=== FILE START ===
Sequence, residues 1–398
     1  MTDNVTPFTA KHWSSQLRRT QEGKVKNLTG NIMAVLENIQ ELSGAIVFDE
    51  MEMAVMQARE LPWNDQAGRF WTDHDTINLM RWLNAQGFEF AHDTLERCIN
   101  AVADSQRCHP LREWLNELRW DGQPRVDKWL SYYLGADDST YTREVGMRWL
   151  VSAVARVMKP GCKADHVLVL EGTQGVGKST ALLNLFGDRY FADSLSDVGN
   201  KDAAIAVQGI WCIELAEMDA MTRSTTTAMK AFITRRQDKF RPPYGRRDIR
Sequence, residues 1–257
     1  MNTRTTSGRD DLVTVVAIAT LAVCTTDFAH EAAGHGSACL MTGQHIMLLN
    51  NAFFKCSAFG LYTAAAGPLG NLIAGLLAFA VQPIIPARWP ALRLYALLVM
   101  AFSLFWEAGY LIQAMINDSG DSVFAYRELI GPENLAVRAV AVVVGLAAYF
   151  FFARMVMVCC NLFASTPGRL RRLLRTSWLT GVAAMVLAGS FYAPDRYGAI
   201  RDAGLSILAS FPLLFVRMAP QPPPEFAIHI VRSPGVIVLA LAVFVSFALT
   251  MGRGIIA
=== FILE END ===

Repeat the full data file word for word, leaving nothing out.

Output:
Sequence, residues 1–398
     1  MTDNVTPFTA KHWSSQLRRT QEGKVKNLTG NIMAVLENIQ ELSGAIVFDE
    51  MEMAVMQARE LPWNDQAGRF WTDHDTINLM RWLNAQGFEF AHDTLERCIN
   101  AVADSQRCHP LREWLNELRW DGQPRVDKWL SYYLGADDST YTREVGMRWL
   151  VSAVARVMKP GCKADHVLVL EGTQGVGKST ALLNLFGDRY FADSLSDVGN
   201  KDAAIAVQGI WCIELAEMDA MTRSTTTAMK AFITRRQDKF RPPYGRRDIR
Sequence, residues 1–257
     1  MNTRTTSGRD DLVTVVAIAT LAVCTTDFAH EAAGHGSACL MTGQHIMLLN
    51  NAFFKCSAFG LYTAAAGPLG NLIAGLLAFA VQPIIPARWP ALRLYALLVM
   101  AFSLFWEAGY LIQAMINDSG DSVFAYRELI GPENLAVRAV AVVVGLAAYF
   151  FFARMVMVCC NLFASTPGRL RRLLRTSWLT GVAAMVLAGS FYAPDRYGAI
   201  RDAGLSILAS FPLLFVRMAP QPPPEFAIHI VRSPGVIVLA LAVFVSFALT
   251  MGRGIIA